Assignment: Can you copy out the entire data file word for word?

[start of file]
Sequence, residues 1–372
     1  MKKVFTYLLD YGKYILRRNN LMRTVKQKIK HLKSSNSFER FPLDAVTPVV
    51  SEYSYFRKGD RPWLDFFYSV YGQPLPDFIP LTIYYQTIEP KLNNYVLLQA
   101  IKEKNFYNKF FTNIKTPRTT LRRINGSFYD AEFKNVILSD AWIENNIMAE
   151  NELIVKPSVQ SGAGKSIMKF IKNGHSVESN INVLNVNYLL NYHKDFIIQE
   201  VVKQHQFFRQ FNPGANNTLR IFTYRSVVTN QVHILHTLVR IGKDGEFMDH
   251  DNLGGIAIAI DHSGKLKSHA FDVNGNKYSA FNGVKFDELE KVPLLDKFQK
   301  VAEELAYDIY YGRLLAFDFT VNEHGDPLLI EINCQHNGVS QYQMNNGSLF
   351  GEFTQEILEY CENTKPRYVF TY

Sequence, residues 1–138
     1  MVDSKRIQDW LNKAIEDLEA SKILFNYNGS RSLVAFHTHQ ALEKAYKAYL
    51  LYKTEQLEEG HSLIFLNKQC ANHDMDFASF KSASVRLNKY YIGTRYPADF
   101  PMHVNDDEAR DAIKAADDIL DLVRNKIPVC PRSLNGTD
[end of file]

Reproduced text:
Sequence, residues 1–372
     1  MKKVFTYLLD YGKYILRRNN LMRTVKQKIK HLKSSNSFER FPLDAVTPVV
    51  SEYSYFRKGD RPWLDFFYSV YGQPLPDFIP LTIYYQTIEP KLNNYVLLQA
   101  IKEKNFYNKF FTNIKTPRTT LRRINGSFYD AEFKNVILSD AWIENNIMAE
   151  NELIVKPSVQ SGAGKSIMKF IKNGHSVESN INVLNVNYLL NYHKDFIIQE
   201  VVKQHQFFRQ FNPGANNTLR IFTYRSVVTN QVHILHTLVR IGKDGEFMDH
   251  DNLGGIAIAI DHSGKLKSHA FDVNGNKYSA FNGVKFDELE KVPLLDKFQK
   301  VAEELAYDIY YGRLLAFDFT VNEHGDPLLI EINCQHNGVS QYQMNNGSLF
   351  GEFTQEILEY CENTKPRYVF TY

Sequence, residues 1–138
     1  MVDSKRIQDW LNKAIEDLEA SKILFNYNGS RSLVAFHTHQ ALEKAYKAYL
    51  LYKTEQLEEG HSLIFLNKQC ANHDMDFASF KSASVRLNKY YIGTRYPADF
   101  PMHVNDDEAR DAIKAADDIL DLVRNKIPVC PRSLNGTD